the mantra of "saving taxpayer money" by working with the Russians, Clinton
and Gore handed $400 million of NASA's cash to the Russians for "services" it
didn't need -- money that would fund 400 years  of the current "life on Mars"
research.  Clinton and Gore also spent nearly $4 billion in unnecessary
shuttle launches and equipment to repair the malfunctioning, obsolete Russian
space station Mir -- enough to send 40 probes to Mars.

What does the United States get back? Television pictures and the opportunity
to have only four U.S. astronauts carry out experiments on Mir. The French
are paying the Russians around $60  million -- not $4.4 billion -- to do the
same thing. 

What are our congressmen doing about it? Prior to the 1994 elections,
nothing.  However, many local congressional seats were re-arranged by
Houston's voters in the 1994 elections, and this was mostly for the good.
 When Goldin hatched a stupid management restructuring plan last year  that
would have moved 4000 jobs out of Houston to Alabama, Majority Whip Tom DeLay
did a brilliant job of blocking it. 
         Representative Sheila Jackson Lee was a refreshing change from all
her predecessors -- a strong supporter of the space program. Her sole flaw
seems to be that she is sometimes too focused on minority issues and not
focused enough on the serious employment implications of Clinton's foreign
          Representative Ken Bentsen, on the other hand, has taken his cue
from the White House : he fights for the space program only when the cameras
are rolling, and misrepresents his support of Clinton's policies as being
"for" a strong space program.  
          The strongest space program supporter has been Representative Steve
Stockman. Despite the media criticism he gets on other issues, Stockman has
been a tireless advocate for space, and the most vocal opponent to the
wholesale export of aerospace jobs to Russia.  And when Johnson Space Center
workers received a new and disturbing workers' agreement from the shuttle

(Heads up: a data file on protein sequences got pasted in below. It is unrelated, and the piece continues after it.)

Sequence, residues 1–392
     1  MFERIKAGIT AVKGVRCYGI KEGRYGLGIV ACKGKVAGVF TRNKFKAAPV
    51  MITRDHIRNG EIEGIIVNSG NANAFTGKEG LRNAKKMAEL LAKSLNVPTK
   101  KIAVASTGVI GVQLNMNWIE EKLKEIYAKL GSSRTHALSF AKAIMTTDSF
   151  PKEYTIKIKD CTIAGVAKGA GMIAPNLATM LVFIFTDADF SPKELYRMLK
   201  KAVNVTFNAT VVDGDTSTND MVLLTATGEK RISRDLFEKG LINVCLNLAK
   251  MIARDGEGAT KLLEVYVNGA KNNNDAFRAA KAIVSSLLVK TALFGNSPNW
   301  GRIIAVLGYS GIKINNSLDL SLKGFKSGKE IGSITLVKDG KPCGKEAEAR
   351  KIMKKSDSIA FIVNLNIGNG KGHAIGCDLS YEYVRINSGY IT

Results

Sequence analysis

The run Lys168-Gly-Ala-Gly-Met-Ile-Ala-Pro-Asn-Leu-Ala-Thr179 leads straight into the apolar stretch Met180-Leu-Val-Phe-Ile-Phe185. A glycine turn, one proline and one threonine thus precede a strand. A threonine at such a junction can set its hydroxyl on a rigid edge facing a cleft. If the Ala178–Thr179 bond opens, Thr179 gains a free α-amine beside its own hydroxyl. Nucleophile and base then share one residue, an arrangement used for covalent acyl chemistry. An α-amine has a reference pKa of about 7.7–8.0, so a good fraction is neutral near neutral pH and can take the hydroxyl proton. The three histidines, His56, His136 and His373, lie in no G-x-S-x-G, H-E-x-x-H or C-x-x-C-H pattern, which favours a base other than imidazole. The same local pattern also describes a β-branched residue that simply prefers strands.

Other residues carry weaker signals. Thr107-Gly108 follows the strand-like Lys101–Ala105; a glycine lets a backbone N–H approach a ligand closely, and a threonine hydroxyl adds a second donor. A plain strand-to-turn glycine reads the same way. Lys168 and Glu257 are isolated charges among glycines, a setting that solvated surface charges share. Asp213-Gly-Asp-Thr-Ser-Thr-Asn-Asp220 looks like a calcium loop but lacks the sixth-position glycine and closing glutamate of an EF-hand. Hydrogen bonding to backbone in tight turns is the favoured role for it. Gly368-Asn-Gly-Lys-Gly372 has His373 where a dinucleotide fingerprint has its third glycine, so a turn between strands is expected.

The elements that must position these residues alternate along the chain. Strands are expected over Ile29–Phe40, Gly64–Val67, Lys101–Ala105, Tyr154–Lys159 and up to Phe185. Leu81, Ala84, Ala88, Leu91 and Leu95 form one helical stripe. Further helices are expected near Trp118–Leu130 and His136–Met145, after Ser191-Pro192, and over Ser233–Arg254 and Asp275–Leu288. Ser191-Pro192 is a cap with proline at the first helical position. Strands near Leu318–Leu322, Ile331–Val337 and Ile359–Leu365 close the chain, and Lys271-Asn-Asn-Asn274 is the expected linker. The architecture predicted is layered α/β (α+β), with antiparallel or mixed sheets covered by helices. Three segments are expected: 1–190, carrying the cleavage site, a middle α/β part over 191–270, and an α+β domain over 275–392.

prime contractor,  Stockman voiced his constituents' protests to NASA chief
Goldin within 24 hours -- a responsiveness voters in the 9th congressional
district have never seen.

But the White House remains in control of space policy, and no matter what
our congressmen do or say, NASA will continue to be mired in Russian domestic
politics as long as Clinton holds office.  A day doesn't go by in the space
program when the Russians aren't trying to squeeze U.S. taxpayers for more
money here or ignore their deadlines and obligations there.  And that doesn't
seem to bother Clinton a bit.

The U.S. space job situation will get bleaker too. Right after this
November's election, a large aerospace facility in Downey, California --
employing thousands of space workers -- is being closed in the name of
"downsizing". And if the grapevine is correct, Clinton is handing 60-day
notices of lay-off to a large number space station scientists near San
Francisco :  he's shipping their high-tech, cutting-edge jobs to Japan. 
          There is another secret plan -- only whispered before the election
-- that there will be an additional 25-30% across-the-board cutback,
resulting in several thousand more job losses in Houston.  

Is it possible to sell out American aerospace workers more completely than
has been done in the last four years?
Is it possible to throw away American leadership and future interests in
space more relentlessly than Clinton and Gore have done with their foreign

If the space program is any indication of how President Bill Clinton builds
his  "bridge to the future",  America's future will built on quicksand. Or